Sunday, January 17, 2010

Divine Love Meets Human Need

In the liturgical year, today is a Sunday in Ordinary Time. The Gospel at Mass is the account of the Wedding at Cana from the Gospel of John.

Saturday evening, I went to the 5:15 p.m. vigil Mass at the Church of St. Paul the Apostle on Manhattan's West Side. The Mass was celebrated by Paulist Fr. Dave Farnum.

In his homily, Fr. Dave said the Wedding at Cana illustrates "an intersection between divine love and human need."

Over at Beliefnet, Deacon Greg addresses both the Wedding at Cana and this week's tragedy in Haiti for his homily this Sunday:

... on a morning where the scripture speaks to us of transformation, we remember that Haiti has also been transformed. The poorest country in the western hemisphere has been reduced to rubble. The cathedral has collapsed. The archbishop of Port Au Prince has been killed. The government offices are in ruins. A country has been transformed by tragedy.

And on this morning, I think, the gospel calls on each of us to effect another kind of transformation, within ourselves.

It summons us to be not merely watchers...but workers. Not just spectators...but servants -- servants of the gospel, servants of one another, servants of the suffering people of Haiti.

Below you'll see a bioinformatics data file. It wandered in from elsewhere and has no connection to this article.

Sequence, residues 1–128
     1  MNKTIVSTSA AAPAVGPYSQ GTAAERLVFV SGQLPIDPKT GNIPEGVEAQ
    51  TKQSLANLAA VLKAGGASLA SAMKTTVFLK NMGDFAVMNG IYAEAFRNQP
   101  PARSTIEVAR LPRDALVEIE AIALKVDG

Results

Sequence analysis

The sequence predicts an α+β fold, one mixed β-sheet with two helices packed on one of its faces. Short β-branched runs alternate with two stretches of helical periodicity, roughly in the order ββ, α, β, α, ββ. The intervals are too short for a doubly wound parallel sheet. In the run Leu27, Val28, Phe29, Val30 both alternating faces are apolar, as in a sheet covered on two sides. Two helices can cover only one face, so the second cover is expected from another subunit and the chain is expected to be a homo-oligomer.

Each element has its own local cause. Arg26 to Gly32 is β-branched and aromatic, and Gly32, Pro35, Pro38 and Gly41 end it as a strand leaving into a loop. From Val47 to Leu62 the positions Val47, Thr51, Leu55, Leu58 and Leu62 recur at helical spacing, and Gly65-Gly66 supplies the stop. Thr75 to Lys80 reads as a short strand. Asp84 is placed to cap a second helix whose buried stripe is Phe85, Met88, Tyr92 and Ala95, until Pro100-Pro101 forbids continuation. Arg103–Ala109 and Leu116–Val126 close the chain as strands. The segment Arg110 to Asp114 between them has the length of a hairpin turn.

As Mary held the lifeless body of her son in her arms, we are asked this day to hold Haiti. To love what is bloody and bruised and broken.

This Sunday, in churches across the country, there will be special collections for Haiti. You have seen the pictures. You've read the stories. I don't need to tell you how desperate the situation is. This is a moment when all of us are called upon to go beyond ourselves: to love the neighbor we do not bind his dry her tears.

We can do that with donations, of course. Millions have already given by text messages and credit cards. But we can also do it with something people often forget in this secular age.

We can do it with prayer.

If we do nothing else, we need to pray for the people of Haiti. Pray for the lost, the orphaned, the widowed, the helpless. Pray for the mother who was on CNN the other night. She lost all five of her children, and her family could only hold her while she screamed. Pray for the students who were killed at the seminary. Pray for the rescue workers who are facing a new nightmare every day - without power, without water, surrounded every hour of every day by the sounds and smells of death.

Flashback: 2007

The image above is "Les noces de Cana" by James Tissot (1836-1902). It is owned by the Brooklyn Museum.


Bernie said...

Paul your post brought tears to my eyes but then they have come easy since the earthquake.....tomorrow the second Sunday in Ordinary Time I will remember this post.
I will light my candle as usual and pray as I have been, even with my donation, and prayers I still feel so helpless, but I know God hears the cries of all people including Haiti and he is there with them amongst the pain. He knows the reasons of this mysterious world and one day we all will.....:-) Hugs

Fran said...

This is an exceptionally good post in a blog filled with good posts.

God bless you Paul, this is beautiful.

I loved Greg's homily too!